PITTSBURGH -- The concern must have been astronomical on the Tampa Bay Lightning bench when starting goalie Ben Bishop left Game 1 of the Eastern Conference Final against the Pittsburgh Penguins at Consol Energy Center on Friday on a stretcher with an apparent lower-body injury.
With 7:35 remaining in the first period, Bishop crumbled to the ice in agony after scrambling to get back into position and appeared to be clutching his left knee. It was the latest name added to a long list of injuries to key players on a team that somehow manages to continue to push forward.
That was the case again Friday when the resilient Lightning, who were already without No. 1 center Steven Stamkos and top-pair defenseman Anton Stralman, won the opener of this best-of-7 series 3-1.
Lightning coach Jon Cooper said X-rays on Bishop came back negative, but it's unlikely he'll be able to play Game 2 here on Monday (8 p.m. ET; NBCSN, CBC, TVA Sports).
"You're concerned for your guy," Cooper said. "Gosh, I don't think I've seen that since [Stamkos] went down a couple of years ago (with a broken leg). It just brings memories like that, situations that have happened before. When we got some test results back and found out it wasn't as … he's definitely hurt, but there's nothing structurally wrong right now. That was a big relief.
"But the guys, it's a pretty focused group. Everybody was concerned for Ben's health, but there wasn't concern about, 'Oh my gosh, well the game's over.' That was the farthest thing from the truth that was on our bench."
It showed on the ice. Alex Killorn scored late in the first period, Ondrej Palat got a power-play goal early in the second and Jonathan Drouin scored later in the period to silence what is normally a raucous building.
Backup goalie Andrei Vasilevskiy, a highly-touted 21-year-old who had 113 minutes of Stanley Cup Playoff experience entering Friday, relieved Bishop and made 25 saves for the win.
"We've faced a lot of adversity, and I think we're obviously a little bit used to it," Lightning defenseman Victor Hedman said. "For us, we've been through situations like this before. We knew it was a very important game for us. We made sure that we got ready for this one. When [Ben Bishop] went down, we wanted to play a good game for him. Obviously we started off on the right foot and played a great game. We played good defensively there in the third and we didn't give them too much."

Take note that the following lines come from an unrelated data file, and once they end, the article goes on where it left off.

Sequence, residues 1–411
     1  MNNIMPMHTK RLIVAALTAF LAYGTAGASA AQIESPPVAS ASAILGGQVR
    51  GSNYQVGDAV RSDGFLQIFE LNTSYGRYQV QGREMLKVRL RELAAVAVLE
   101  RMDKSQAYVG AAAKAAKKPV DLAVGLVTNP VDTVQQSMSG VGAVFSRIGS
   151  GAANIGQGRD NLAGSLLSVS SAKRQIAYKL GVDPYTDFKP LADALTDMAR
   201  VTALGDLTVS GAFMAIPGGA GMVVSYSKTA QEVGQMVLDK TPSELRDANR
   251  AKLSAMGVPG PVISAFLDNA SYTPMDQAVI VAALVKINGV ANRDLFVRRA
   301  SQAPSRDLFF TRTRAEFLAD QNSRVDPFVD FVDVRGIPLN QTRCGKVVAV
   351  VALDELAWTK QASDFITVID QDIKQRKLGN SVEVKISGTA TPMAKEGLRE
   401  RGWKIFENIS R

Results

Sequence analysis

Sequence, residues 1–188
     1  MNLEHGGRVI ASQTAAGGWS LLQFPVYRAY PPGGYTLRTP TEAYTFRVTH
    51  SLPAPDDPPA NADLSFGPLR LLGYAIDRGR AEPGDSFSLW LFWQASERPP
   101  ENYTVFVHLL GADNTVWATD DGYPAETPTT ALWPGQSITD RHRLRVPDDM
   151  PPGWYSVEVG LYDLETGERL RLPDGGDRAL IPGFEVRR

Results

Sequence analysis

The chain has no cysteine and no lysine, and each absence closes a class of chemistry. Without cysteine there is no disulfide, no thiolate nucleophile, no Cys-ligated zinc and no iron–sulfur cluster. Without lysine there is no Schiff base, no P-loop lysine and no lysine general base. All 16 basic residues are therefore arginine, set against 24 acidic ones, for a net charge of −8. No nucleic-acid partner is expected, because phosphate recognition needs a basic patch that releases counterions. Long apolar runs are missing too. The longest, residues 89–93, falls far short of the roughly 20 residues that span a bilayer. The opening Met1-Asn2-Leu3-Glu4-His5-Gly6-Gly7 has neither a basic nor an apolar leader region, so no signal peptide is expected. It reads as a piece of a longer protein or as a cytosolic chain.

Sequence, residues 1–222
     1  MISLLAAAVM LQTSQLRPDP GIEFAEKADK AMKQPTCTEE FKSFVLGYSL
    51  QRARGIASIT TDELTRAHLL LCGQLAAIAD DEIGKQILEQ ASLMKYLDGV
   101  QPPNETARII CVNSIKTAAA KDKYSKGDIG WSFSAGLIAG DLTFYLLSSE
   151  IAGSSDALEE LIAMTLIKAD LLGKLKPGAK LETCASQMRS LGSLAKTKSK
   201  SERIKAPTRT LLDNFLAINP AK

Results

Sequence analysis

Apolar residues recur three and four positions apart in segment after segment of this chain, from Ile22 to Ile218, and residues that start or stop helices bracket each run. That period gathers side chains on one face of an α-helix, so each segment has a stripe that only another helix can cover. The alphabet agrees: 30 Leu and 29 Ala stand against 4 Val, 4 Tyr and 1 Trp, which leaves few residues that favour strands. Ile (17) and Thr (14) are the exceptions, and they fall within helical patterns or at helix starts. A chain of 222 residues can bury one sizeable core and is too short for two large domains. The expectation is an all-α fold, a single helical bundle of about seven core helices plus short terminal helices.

It was an effort Bishop could be proud of, one that wasn't the least bit surprising to Cooper or to anyone in his dressing room. But it was remarkable, considering the fear the Lightning players had to have been experiencing while watching their No. 1 goalie carted off the ice on a stretcher.
"He didn't say anything," Killorn said of Bishop. "You could tell he was in a lot of pain. It's one of those moments where he's been so great for us. You don't know what's happening, no one knew what was wrong with him. For him to get carted off like that, it's typically pretty serious.
"I just went up to him and said, 'We got this. Keep it up, buddy.' He just looked at me. I don't think he said anything, but it just kind of lifts the team up when you come together and you get a goal at the end of the period there."
It's that resiliency that helped the Lightning reach the Stanley Cup Final a year ago and has them three wins away from a return trip. But to be at this point without having Stamkos or Stralman at all during the playoffs, and now potentially without their No. 1 goalie, one has to wonder how they keep finding ways to win.
"I think a lot of that comes from last year, the run we had and the confidence we had in this group coming back this year," right wing Ryan Callahan said. "I think the issue heading into this postseason was all the injuries, but we've had that mentality it's the next guy up and the next guy steps in and does the job. It's been the whole group all year, it was the whole group last year when we made that push.
"We have a very deep team. I think that's been a big key for us. Obviously you have all these injuries and guys going down, but when they do I think we have that mentality of guys stepping in and being ready to play."